The shopping frenzy S and I witnessed this afternoon wasn't bad at all. Of course, I wasn't panicking for gifts, simply browsing leisurely. People were friendly, they were mostly smiling and saying hello to S, and there was Christmas music playing everywhere. It was just what I needed. I needed to mainline some holiday cheer and I got just that, even if I didn't have anyone to talk with about it.

Friday, December 21, 2007

Rise And Shine

The alarm clock goes off every morning at 5:30, I wake up automatically every morning at 5:28. The most trying time of my mornings is waking S up and getting her dressed for the school day. She is most assuredly not a morning person and is usually still half asleep while I dress her and implore her to get her lunch and pack up her backpack. This morning, however, being the first day of Christmas break, a day when there is no hurry, there is no backpack, she woke up on her own a full 45 minutes earlier than usual. There are no lengths these kids won't go to to get under my skin.

Thursday, December 20, 2007

Like A Bad Penny

I'm back!

I'm back from The Week That Was Broken with some good news and, naturally, some bad. The hard drive on the Apple iBook G4 has been replaced and all data recovered thanks to Uncle Toby and some little elves in California. Much, much thanks to T, in fact. We procured a dryer and I immediately took it apart to put a new belt on it and it works. It works! Really! So all of our clothes are clean and dry.

The bad news is that my baby girl is now broken. "Broken" meaning coughing a lot and running a fever. I took her to the doctor a couple of days ago and learned she has an upper respiratory infection and she's now on the pink stuff. Amoxicillin should come in big jugs like milk so we could keep it in the fridge and administer it as needed to The Quartet. At least, until the fridge breaks.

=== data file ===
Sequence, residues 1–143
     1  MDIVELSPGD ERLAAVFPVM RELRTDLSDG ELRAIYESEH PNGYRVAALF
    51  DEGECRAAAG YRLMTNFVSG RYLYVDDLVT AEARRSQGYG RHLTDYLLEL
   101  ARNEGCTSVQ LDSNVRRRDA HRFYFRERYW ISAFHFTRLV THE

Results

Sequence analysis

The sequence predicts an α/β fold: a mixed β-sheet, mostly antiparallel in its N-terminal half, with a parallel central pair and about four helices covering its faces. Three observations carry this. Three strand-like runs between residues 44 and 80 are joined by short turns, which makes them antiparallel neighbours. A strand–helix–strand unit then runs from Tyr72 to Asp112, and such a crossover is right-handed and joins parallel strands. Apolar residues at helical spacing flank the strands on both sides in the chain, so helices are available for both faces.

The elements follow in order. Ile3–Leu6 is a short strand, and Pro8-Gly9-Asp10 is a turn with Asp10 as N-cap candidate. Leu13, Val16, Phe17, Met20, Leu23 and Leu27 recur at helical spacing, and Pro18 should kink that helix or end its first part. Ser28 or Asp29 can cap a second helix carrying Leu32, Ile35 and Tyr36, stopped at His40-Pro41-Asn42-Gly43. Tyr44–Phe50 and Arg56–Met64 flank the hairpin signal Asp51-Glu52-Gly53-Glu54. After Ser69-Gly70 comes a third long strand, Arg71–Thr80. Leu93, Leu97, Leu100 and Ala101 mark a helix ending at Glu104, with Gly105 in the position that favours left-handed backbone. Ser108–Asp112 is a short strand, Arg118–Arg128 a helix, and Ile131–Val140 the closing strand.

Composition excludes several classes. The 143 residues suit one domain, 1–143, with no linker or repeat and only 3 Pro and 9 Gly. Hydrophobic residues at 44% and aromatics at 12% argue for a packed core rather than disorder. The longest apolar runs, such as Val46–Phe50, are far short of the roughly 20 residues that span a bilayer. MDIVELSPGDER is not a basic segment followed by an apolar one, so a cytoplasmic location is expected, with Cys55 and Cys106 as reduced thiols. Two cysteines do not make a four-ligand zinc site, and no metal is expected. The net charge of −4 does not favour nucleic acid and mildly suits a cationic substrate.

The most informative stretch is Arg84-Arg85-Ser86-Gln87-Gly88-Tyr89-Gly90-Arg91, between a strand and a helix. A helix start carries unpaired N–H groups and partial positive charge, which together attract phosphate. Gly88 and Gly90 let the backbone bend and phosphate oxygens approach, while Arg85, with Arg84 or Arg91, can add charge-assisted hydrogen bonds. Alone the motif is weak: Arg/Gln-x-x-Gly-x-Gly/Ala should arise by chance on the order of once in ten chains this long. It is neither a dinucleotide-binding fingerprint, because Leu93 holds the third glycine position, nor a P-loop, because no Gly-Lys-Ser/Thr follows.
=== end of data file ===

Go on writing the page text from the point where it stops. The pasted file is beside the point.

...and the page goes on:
And now, because I know you all missed the funny, I leave you with this little nugget from C, handwritten on the back of a discarded Christmas card envelope, sure to find him on the naughty list and with an extra hour of studying spelling:

JPA stinks, smells, and looks like a terd [sic].

Thursday, December 13, 2007

The Grinch Who Broke Christmas

You know, I can't remember the last time I was in a laundromat. Oh, wait, yes I can. It was only three hours ago. It's where I go to read. It's where I go to read when our dryer at home is broken. Night before last I spent taking the thing apart and putting it back together again to get to the squeal emanating from within and lube it up. I did that three times that night. Last night I only did it once, but now the motor is just seizing up after about seven minutes of run time. So it's useless. I suppose I should also mention the light fixture in our one bathroom that went out last night. Why should the dryer have all the fun? I did manage to take it down this morning and rewire it into the wall and, as of 8:00 this morning, it was still working. The best news, really, is that the heat in our home that wasn't working this morning, began working once I reset it at the circuit breaker. That's good, because it's going to get very, very cold this weekend. On second thought, you should probably stay tuned for details on that heater because, again, it's going to get very, very cold this weekend. I suppose I should back up, really, to Tuesday when my laptop's hard drive finally gave out. That's why I've been away, I have no computer. Uncle Toby is helping, though, to recover all the business documents I had stored in that box, as well as everything I've ever written. Ever.

This bad luck always comes at me in threes, but I'm confused now. Was the bathroom light the third thing? Or was the gas leak/new meter/no heat for a night last week the first thing? Does the heat not working this morning even count or is it merely a harbinger for an all-new rotation of bad luck? I'll have to sit down with an Excel spreadsheet and figure it all out. Oh, wait, I can't do that, can I?

Regardless of where we stand in the Bad Luck Cycle, I hope The Quartet enjoys their Christmas gift, their shiny new clothes dryer. Maybe they'll have some fun with the box it comes in, pretending it's a space ship or a submarine or the Grinch's cave.

[Thanks to Tracy for letting me borrow her computer to say hello to y'all.]

Sunday, December 09, 2007

It's Not Personal